Putin backs tougher laws to thwart piracy in Russia
Adds more jail time, doubles finesRussia's DVD pirates will face up to six years in prison after President Vladimir Putin threw his weight behind the country's renewed campaign to tackle rampant piracy.
Putin signed off on tougher measures to combat piracy when he approved amendments to Russia's criminal code that add a year to the maximum sentences that producers of pirated movies, music and other intellectual property would face and double maximum fines to $20,000.
Amnesties that often have allowed known pirates to slip through the net will no longer apply, and the statute of limitations for chasing down pirate producers is increased to 10 years under the amendments to Article 146 of the Russian criminal code.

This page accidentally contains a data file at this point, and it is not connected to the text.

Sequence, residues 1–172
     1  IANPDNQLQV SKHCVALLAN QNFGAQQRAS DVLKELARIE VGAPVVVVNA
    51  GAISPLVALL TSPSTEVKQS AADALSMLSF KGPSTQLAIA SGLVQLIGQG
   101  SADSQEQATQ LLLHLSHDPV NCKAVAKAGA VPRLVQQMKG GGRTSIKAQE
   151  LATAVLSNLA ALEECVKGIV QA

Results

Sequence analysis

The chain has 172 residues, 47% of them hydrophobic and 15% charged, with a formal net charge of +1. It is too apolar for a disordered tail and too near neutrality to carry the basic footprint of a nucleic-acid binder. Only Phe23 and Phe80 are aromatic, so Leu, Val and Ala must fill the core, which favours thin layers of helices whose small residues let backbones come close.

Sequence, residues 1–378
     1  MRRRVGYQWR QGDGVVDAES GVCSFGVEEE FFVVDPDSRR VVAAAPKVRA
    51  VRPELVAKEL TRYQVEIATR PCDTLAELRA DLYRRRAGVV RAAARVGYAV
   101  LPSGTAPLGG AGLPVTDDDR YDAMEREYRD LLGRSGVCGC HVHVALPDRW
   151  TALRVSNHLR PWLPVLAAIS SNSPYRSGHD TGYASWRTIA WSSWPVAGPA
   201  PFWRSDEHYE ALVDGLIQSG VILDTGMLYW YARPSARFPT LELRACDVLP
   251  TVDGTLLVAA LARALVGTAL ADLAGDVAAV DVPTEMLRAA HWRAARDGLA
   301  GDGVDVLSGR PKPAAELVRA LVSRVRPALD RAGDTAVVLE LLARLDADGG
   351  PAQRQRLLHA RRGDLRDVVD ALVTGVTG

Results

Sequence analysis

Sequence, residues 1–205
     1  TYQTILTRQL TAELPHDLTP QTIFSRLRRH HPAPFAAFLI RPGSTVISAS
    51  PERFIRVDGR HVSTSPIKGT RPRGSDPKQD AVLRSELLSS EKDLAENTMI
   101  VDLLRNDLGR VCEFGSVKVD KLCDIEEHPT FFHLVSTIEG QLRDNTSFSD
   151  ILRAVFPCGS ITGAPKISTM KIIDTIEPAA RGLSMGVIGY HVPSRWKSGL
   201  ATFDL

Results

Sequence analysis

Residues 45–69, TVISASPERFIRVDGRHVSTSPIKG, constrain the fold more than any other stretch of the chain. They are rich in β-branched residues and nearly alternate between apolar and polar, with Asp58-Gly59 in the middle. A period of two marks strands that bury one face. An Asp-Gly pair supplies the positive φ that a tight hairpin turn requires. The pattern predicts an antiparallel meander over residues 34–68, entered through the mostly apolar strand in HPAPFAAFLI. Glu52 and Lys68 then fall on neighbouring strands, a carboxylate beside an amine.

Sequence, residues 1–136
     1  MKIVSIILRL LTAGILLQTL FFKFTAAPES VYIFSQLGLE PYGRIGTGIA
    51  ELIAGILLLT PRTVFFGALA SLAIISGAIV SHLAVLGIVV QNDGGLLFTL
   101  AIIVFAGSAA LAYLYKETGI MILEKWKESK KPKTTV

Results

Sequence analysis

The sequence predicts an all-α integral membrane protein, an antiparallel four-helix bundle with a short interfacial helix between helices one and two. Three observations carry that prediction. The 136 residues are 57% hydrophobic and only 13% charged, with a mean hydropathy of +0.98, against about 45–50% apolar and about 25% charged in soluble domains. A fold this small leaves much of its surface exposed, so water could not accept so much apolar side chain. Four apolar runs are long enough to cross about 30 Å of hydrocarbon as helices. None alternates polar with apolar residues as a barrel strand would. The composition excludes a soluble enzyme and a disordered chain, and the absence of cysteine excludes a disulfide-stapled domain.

The measures — which make piracy offenses a more serious crime under Russian law — are a signal that the Kremlin is getting tough on copyright crime and should send a wave of fear through pirates who have become used to big profits and lax laws.
They also are expected to push piracy up the list of police priorities. In the past, intellectual property crimes were not reported in a separate category, meaning police often paid less attention to them than more traditional serious crimes such as car theft or assaults.
Konstantin Zemchenkov, head of the Russian Anti-Piracy Organization, welcomed the measures Thursday, calling them "on the whole good and correct."
Zemchenkov, whose organization is backed by the MPA, said: "Producers of pirate material will be scared by these tougher new rules as it puts piracy into the category of grave crimes. I hope to see some definite results from this soon."